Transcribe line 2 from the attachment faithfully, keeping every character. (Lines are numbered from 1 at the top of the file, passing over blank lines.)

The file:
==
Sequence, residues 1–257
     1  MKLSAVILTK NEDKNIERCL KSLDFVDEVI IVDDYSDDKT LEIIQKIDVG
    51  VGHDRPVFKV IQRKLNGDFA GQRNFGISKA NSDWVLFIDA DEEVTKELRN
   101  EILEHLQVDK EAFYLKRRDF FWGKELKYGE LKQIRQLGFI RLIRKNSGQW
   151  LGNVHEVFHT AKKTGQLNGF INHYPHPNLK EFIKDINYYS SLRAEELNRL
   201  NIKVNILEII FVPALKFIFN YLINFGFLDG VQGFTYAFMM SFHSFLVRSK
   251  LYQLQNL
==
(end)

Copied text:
     1  MKLSAVILTK NEDKNIERCL KSLDFVDEVI IVDDYSDDKT LEIIQKIDVG